Playing with proposals and stoking difference

Due to urgent need of Israel to play a new role in Iran's nuclear talks, some European politicians have been engaged in a multifaceted game during the new round of nuclear negotiations. The most prominent example was the position taken by Paris which clearly indicated that the French government has already “sold” its position during Geneva 2 talks on Iran's nuclear energy program to a number of political customers. By taking advantage of France’s position, Tel Aviv has been trying to play its new role by making it hard for the negotiating parties to bargain and reach a possible agreement. On the other hand, Iran, which has a good understanding of the game and whose officials have already reached a consensus among them on the coordinates of this diplomatic game, has chosen “the element of wisdom and reasonable behavior” as the main rule of its own game. In this way, although the Iranian leaders are not optimistic about the final conclusion of the negotiations, they will be able to convince the world about the value of their position. At the same time, although Israel has been trying to appear as the final judge on Iran's nuclear energy program, under new circumstances, it has actually turned into a destructive player. The West should have reached the conclusion that Iran will not let the Western states impose their own model on the Islamic Republic when it comes to Iran's national interests.

Negotiations aimed at prolonging problem or moving toward a solution?

If the West actually decided to change its approach to Iran from confrontation to interaction, for which the ongoing talks could be litmus test, it would be possible to provide new grounds for mutual and balanced cooperation between the two sides. The policy of delaying a possible agreement by paying undue attention to trivial details, putting unbalanced proposals on the table, downplaying Iran's initiatives, taking advantage of Iran's goodwill to impose new obligations on the country, deciding about the outcome of negotiations before they have even started, and taking steps to impose such a predetermined outcome on the participants, will practically obstruct the way to forward progress. Such a behavior on the part of the Western negotiators will clearly prove that they only want to “prolong the problem” despite showing false willingness to engage in talks with Iran. This approach will, in the course of time, not only leave its negative mark on Iran's nuclear case, but also give birth to a new, inappropriate trend in international diplomacy, whose effects will be seen in other areas as well.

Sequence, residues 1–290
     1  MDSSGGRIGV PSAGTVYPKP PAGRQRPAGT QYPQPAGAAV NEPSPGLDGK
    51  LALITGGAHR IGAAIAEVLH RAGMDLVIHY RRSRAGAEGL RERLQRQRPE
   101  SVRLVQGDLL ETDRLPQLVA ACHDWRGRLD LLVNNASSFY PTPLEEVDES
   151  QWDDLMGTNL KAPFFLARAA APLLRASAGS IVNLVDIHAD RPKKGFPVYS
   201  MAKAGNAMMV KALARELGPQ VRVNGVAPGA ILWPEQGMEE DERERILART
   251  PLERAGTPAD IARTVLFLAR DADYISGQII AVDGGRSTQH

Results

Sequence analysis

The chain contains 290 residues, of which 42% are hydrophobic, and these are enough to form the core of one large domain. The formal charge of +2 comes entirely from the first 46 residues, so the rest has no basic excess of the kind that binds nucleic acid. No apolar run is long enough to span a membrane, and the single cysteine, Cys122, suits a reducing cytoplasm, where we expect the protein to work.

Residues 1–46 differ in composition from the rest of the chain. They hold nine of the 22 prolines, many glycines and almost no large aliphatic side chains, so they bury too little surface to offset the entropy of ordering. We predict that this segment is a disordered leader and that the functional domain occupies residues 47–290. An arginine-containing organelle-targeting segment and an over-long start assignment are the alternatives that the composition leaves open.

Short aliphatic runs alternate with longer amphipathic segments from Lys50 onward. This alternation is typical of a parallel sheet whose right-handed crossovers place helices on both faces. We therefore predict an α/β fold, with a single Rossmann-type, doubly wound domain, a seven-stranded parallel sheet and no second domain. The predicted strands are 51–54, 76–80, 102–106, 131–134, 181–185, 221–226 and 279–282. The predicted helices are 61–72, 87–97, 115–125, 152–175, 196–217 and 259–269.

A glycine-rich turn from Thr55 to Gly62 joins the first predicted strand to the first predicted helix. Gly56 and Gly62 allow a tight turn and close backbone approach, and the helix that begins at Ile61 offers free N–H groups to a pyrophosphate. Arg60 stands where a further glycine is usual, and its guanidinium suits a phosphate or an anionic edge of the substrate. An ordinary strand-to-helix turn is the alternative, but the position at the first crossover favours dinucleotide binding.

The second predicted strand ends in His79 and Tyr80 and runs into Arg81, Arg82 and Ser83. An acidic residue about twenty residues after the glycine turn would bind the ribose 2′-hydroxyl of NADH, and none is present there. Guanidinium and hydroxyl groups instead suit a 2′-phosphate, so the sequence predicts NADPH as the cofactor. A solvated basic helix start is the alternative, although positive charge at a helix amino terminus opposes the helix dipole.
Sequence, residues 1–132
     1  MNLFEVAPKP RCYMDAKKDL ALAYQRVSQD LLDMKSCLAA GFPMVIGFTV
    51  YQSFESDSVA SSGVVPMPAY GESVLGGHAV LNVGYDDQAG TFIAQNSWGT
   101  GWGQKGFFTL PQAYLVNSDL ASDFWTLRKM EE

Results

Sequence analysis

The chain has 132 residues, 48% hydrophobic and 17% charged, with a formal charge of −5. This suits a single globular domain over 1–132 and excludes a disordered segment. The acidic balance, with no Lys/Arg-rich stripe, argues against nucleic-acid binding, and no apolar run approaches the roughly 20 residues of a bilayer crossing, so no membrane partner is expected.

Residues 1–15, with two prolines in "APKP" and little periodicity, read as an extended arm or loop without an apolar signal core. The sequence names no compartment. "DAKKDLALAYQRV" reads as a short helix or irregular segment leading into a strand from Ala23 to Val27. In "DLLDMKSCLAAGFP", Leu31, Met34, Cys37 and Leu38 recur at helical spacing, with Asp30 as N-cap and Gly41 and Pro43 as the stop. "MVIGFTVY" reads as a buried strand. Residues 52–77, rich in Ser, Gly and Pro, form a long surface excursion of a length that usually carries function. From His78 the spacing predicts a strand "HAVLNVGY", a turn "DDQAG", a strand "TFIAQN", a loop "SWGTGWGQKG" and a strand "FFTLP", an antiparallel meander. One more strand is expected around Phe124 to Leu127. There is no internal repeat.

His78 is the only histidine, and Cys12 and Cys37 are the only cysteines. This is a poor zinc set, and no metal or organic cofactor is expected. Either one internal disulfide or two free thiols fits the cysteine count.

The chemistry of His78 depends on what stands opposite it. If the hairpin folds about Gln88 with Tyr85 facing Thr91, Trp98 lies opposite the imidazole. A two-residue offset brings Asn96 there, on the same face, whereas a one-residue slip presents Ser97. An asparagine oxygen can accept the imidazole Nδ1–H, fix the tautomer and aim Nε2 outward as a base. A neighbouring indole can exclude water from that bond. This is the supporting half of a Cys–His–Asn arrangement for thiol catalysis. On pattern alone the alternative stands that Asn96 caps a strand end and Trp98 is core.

How to facilitate bargaining in new Geneva negotiations?

Since the Leader of the Islamic Revolution [Ayatollah Seyyed Ali Khamenei] has already lent his support to the new Iranian administration and its nuclear team – which is headed by Foreign Minister Mohammad Javad Zarif –, there is a new opportunity for both negotiating sides to engage in constructive interaction. Therefore, having a good understanding of the existing conditions and attaching due importance to reaching an understanding are two flip sides of the same coin, which in addition to the degree of commitment shown by both sides, will constitute the main framework within which a sustainable agreement can be achieved.

Asking for too much in the negotiations and disregard for the requisites of mutual cooperation would be a poison to any possible agreement. Therefore, it is incumbent on all the member states of the P5+1 group of world powers to control their behaviors, manage certain ideas that are imposed on them from the outside, and keep some opposition political currents in check. The ongoing negotiations are a good test for the US administration to show that whether it is in a position of weakness, or is powerful enough to overcome unfavorable conditions.

Key Words: New Geneva Negotiations, Bargaining, P5+1 Group of World Powers, Obama Administration, Iran, Old Double Approach, Koleini